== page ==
To one aspect of ourselves, money is like oxygen. To our basic, most physical self, business often feels like a battle for survival. When we enter into a sales discussion, our animal brain often starts wondering who's going to be able to eat today - us or them?
Yet business success requires us to be of service to our customers, and service is one of the highest forms of consciousness on the planet. Our desire to serve is one of the purest forms of love. It connects directly into our higher self - our most spiritual, most conscious aspect. As another way of putting it, while money connects to our lowest chakras, service connects to our highest ones.
Here's the thing. When we seek to do both business and spirituality at the same time, any inner conflicts we have between our basic self and our higher self naturally come up for healing. The more committed we are to doing both sales and service, or to doing business in a way that creates both money and meaning, the more these conflicts naturally come forward.
We all have a challenge integrating money and meaning, and it shows up in our lives and in society. Notice how we have two types of organizations, for-profit companies that focus primarily on money and non-profits that focus primarily on service. Relatively few groups do both at the same time, because conscious business requires learning how to embrace and heal the conflicts inside ourselves.
In other words, conscious business starts by recognizing that it can't be measured just by the mission of the organization. It also requires focusing on the consciousness of the members in the organization. In other words, it's not enough to focus just on what we do, it also requires focusing on how we are as we do it.
Most of the work in this area I've seen so far has tended to come from one of two angles.
1) For-profit organizations seeking to make their mission more loving. This includes corporate social responsibility, the triple bottom line, etc.
2) Non-profit organizations seeking to make their mission more self-sustaining. This includes social enterprise, social entrepreneurship, venture philanthropy, etc.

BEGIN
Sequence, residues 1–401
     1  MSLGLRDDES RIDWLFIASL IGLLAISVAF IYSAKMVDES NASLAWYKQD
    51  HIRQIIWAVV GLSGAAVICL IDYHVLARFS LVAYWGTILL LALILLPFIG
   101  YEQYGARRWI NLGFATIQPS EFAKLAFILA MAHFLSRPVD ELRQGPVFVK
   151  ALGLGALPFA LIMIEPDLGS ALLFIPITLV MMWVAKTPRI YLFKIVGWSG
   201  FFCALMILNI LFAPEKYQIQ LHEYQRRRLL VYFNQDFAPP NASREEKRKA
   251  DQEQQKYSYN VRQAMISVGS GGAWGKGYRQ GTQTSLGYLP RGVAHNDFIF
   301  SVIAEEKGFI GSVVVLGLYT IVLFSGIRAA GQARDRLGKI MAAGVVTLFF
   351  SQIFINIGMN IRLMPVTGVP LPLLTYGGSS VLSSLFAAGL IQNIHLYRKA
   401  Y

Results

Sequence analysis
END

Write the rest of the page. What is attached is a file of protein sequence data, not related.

But the thing is, when we're coming from a lower place in consciousness, business is a battle for survival, and service is a sacrifice. When we're at the bottom of the pyramid, we do have to choose between the left and the right, between for-profit and non-profit, between giving and receiving. It's only as we lift in consciousness (a large piece of which happens by integrating the conflicts inside ourselves and by learning to love all of who we are) that we're able to actually live the law of abundance.
Because of this, you can't build a conscious organization without also focusing on the consciousness of its members'.
When our conscious self is identified with our physical self, economics is about scarcity and service is about sacrifice. This is shown at the bottom of the triangle, and it's what happens when we listen to the news and go into fear.
When our conscious self is identified with our spiritual self, both economics and service are about abundance and love. This is shown at the top of the triangle, and it's what happens when we learn to see everything in life, including our inner conflicts, as opportunities for learning, upliftment and growth. It's what happens as we find our inner conflicts, and instead of trying to fight, feed or flee them, we learn to love them instead.
HuffPost Lifestyle is a daily newsletter that will make you happier and healthier — one email at a time. Learn more